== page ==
Linda Sharrock: Well, the way I came to sing: You know, I can't really explain it, I used to just listen to certain records, like when I was in Philadelphia I used to listen to Sunny Murray, Archie Shepp, and Bill Dixon, and I could just hear a voice in certain parts of the music, you know. So sometimes I would just kind of listen to records and I would hear this music in my mind, you know. And then when I decided to try and do it, it just came out one way, and that's it. But I listened to people like the Miracles, and you know, I mean, I've never listened to any kind of a female jazz singer for any kind of inspiration or anything like that. And I was influenced by horn players, influenced by Albert, and I think Pharoah was a strong influence, 'cause I heard him in Philadelphia, and then when I came to New York I would hear them, you know, and I think he was a big influence on me. So it was horns, you know.

Sonny Sharrock: …The thing that killed me about her singing was that she was, if not the first, one of the few jazz singers who improvise, and I mean, because improvisation is jazz, it's about improvisation, and to bend a few notes or to take liberties with the words. That's one of the reasons she doesn't use words: because it hinders your improvisation, you know.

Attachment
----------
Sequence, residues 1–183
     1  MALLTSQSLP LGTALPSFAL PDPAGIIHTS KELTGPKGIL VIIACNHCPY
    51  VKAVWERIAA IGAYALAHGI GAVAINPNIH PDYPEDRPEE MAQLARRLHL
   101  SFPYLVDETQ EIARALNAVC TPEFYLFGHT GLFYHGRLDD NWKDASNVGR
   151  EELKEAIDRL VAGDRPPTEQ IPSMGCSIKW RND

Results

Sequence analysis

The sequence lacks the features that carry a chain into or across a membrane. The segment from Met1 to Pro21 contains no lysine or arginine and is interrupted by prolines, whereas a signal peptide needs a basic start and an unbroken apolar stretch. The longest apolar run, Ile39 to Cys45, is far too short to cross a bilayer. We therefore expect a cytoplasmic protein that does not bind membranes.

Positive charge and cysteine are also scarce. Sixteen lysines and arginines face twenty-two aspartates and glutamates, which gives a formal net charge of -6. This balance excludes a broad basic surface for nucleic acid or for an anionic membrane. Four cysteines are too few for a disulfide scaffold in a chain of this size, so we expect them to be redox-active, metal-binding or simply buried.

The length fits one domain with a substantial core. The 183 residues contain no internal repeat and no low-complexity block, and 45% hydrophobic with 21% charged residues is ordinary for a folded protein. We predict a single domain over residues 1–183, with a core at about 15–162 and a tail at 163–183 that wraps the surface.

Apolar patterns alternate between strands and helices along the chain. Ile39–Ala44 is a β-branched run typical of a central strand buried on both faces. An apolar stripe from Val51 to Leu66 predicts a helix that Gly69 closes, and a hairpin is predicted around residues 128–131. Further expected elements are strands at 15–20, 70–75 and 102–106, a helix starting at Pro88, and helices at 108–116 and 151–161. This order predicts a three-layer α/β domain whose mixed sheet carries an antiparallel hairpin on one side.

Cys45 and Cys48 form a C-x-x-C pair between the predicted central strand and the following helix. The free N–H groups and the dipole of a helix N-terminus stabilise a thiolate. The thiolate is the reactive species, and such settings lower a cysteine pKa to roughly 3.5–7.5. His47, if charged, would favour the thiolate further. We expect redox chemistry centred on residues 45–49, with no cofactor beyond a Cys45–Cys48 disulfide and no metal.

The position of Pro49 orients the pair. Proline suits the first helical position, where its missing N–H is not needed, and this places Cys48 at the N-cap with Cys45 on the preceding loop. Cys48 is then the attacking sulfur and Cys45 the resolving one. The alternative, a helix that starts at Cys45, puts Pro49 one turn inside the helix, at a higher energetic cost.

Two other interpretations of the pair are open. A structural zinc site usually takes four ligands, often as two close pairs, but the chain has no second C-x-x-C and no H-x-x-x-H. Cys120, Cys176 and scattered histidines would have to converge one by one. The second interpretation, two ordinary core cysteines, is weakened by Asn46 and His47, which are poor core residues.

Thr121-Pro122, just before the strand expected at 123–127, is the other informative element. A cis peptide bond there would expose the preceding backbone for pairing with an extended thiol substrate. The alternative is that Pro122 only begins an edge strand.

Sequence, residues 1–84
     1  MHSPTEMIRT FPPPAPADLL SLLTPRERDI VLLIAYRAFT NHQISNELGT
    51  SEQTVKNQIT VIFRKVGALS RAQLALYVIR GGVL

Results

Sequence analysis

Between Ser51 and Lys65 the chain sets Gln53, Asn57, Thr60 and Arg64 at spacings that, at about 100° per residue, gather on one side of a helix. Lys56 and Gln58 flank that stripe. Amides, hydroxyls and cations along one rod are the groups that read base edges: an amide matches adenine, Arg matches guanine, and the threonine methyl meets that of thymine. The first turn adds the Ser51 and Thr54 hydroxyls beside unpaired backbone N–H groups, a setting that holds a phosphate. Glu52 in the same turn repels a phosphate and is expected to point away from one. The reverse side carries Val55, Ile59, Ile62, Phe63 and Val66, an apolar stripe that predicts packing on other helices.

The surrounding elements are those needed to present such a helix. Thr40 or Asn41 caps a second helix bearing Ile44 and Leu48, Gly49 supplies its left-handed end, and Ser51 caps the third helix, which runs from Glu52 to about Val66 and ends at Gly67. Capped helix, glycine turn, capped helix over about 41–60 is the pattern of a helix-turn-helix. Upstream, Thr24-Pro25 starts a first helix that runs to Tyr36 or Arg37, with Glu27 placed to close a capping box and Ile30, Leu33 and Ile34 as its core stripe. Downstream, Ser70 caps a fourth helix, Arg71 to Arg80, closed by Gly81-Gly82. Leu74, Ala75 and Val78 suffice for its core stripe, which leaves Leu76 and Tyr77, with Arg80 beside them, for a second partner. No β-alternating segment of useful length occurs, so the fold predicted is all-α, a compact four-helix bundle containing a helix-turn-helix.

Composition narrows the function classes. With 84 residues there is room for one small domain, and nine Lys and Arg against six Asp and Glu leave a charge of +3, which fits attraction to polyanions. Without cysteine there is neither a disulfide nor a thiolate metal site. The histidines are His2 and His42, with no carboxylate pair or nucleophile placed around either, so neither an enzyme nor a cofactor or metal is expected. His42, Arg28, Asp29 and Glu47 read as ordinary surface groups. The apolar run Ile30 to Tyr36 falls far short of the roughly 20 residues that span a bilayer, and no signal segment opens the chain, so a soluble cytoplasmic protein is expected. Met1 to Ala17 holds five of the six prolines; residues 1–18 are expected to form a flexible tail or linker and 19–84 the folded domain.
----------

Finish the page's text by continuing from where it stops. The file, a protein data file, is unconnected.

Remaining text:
Rich Scheinin: It's the same thing, a lot of times, with Jeanne Lee.

Sonny Sharrock: Yeah, see, but you know, that's why I say "if not the first, one of the few to improvise" with the voice, you know. It's really weird: Like, when I first heard her sing, it was very strange to hear somebody just sing, you know, "There's no words, and I'm just gonna sing like a horn." It's a pretty strange concept, you know. … You know, I don't know about "first," I don't think that "first" is important, I think that it's the first time for you and that you've never experienced the thing, I mean, that's what originality is about, because the first sound made was all the music that's ever gonna be played, that's it, that sound, the first sound made had all the notes that there are, so there's nothing about being the first. But being original has to do with it never having been done this way, and it's a hard thing. But that's what we demand in our band. And I think in the bands we've had, we've had some pretty heavy originals, man, like Milford Graves, who was playing with us for a while, you know, and that's one of the original drummers in all time. …Milford played with us for about a year, I guess, but you know, the thing was that Milford's a bandleader in his own right, he's a composer and a bandleader in his own right, and it doesn't work out for any length of time when you have, like we had —

Rich Scheinin: -- two bandleaders in the same band.

Sonny Sharrock: -- Yeah, in that case we had three bandleaders, and it just won't work, you know, 'cause he had so much of his own music to do that he really couldn't be bothered with our music. His music was just as important, you know. And he's an incredible drummer. And we had Sirone, Norris Jones was with us for a while, and we had some really incredible musicians. Ted Daniel was with us for a while.